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A student from Delhi School of Social work, Vineet is a part of Project Sakhi Saheli, an initiative by the students of Delhi school of Social Work to create awareness on Menstrual Health and combat Period Poverty. Along with MHM Action Fellow Sabna, Vineet launched Menstratalk, a campaign that aims to put an end to period poverty and smash menstrual taboos in society.

As a start, the campaign aims to begin conversations on menstrual health with five hundred adolescents and youth in Delhi through offline platforms, and through this community mobilise support to create Period Friendly Institutions out of educational institutes in the city.

Find out more about the campaign here.

A native of Bhagalpur district – Bihar, Shalini Jha believes in equal rights for all genders and wants to work for a gender-equal and just society. In the past she’s had a year-long association as a community leader with Haiyya: Organise for Action’s Health Over Stigma campaign. She’s pursuing a Master’s in Literature with Ambedkar University, Delhi and as an MHM Fellow with YKA, recently launched ‘Project अल्हड़ (Alharh)’.

She says, “Bihar is ranked the lowest in India’s SDG Index 2019 for India. Hygienic and comfortable menstruation is a basic human right and sustainable development cannot be ensured if menstruators are deprived of their basic rights.” Project अल्हड़ (Alharh) aims to create a robust sensitised community in Bhagalpur to collectively spread awareness, break the taboo, debunk myths and initiate fearless conversations around menstruation. The campaign aims to reach at least 6000 adolescent girls from government and private schools in Baghalpur district in 2020.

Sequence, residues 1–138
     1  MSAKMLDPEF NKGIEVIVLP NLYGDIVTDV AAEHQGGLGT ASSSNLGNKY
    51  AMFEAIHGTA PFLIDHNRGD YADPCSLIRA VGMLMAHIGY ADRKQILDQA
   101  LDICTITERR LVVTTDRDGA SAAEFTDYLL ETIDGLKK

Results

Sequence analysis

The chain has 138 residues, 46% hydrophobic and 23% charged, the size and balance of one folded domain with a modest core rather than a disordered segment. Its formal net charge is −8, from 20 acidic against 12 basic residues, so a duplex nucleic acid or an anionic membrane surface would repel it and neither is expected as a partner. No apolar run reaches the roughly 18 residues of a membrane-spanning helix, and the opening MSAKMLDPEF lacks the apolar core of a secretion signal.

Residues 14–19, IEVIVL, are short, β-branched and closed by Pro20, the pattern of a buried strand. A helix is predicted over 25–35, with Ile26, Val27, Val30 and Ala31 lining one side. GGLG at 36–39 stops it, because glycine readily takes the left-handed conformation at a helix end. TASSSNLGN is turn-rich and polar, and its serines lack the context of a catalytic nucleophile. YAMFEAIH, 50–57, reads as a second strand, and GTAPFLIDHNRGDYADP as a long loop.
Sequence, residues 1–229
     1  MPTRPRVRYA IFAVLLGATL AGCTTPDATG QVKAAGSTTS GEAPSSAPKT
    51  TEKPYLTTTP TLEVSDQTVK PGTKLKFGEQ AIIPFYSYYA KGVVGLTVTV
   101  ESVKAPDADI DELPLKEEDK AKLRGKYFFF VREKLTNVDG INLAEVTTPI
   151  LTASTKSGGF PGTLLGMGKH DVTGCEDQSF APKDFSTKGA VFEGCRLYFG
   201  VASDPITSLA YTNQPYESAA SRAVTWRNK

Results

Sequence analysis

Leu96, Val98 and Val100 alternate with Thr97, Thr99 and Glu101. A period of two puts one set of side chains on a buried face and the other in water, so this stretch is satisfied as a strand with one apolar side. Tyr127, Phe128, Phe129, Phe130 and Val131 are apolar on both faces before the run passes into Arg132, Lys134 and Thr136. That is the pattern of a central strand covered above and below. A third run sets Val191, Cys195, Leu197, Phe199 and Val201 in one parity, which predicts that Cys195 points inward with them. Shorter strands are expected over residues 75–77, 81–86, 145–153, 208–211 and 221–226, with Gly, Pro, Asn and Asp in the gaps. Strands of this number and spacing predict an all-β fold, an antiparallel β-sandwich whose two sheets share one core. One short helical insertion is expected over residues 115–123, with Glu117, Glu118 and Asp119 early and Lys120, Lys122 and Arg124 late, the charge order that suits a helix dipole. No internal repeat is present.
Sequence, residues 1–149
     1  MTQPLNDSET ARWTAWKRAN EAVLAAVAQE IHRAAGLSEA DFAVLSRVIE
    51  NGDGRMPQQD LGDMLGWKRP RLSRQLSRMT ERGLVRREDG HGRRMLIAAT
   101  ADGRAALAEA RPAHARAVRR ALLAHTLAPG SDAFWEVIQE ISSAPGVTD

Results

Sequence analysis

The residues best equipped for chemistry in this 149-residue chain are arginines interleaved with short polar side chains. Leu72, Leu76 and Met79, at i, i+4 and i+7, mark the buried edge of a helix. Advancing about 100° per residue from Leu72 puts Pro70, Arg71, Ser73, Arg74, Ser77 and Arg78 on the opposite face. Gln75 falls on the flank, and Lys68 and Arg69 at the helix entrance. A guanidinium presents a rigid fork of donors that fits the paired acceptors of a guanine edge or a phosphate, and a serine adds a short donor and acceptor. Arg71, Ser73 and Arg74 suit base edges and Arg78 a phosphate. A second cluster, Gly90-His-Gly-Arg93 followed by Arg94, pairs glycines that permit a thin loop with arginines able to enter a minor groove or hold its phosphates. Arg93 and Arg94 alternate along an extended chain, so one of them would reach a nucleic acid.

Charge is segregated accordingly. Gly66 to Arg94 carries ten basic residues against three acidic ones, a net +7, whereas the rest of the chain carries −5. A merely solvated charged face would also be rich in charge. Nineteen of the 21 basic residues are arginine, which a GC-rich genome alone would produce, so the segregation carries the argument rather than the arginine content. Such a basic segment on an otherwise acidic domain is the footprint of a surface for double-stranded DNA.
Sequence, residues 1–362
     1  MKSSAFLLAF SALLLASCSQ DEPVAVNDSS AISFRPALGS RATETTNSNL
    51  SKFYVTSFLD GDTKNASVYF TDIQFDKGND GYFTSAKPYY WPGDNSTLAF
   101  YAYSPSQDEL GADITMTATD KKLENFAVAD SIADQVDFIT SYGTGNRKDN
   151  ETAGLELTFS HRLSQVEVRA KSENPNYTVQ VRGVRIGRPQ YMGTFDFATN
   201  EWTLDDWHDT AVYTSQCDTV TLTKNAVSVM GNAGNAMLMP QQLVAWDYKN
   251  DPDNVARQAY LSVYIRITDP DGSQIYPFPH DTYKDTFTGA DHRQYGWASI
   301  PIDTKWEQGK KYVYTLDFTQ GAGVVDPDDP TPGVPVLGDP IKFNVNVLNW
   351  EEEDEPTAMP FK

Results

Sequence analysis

Read more about the campaign here.

A psychologist and co-founder of a mental health NGO called Customize Cognition, Ritika forayed into the space of menstrual health and hygiene, sexual and reproductive healthcare and rights and gender equality as an MHM Fellow with YKA. She says, “The experience of working on MHM/SRHR and gender equality has been an enriching and eye-opening experience. I have learned what’s beneath the surface of the issue, be it awareness, lack of resources or disregard for trans men, who also menstruate.”

The Transmen-ses campaign aims to tackle the issue of silence and disregard for trans men’s menstruation needs, by mobilising gender sensitive health professionals and gender neutral restrooms in Lucknow.

Read more about the campaign here.

A Computer Science engineer by education, Nitisha started her career in the corporate sector, before realising she wanted to work in the development and social justice space. Since then, she has worked with Teach For India and Care India and is from the founding batch of Indian School of Development Management (ISDM), a one of its kind organisation creating leaders for the development sector through its experiential learning post graduate program.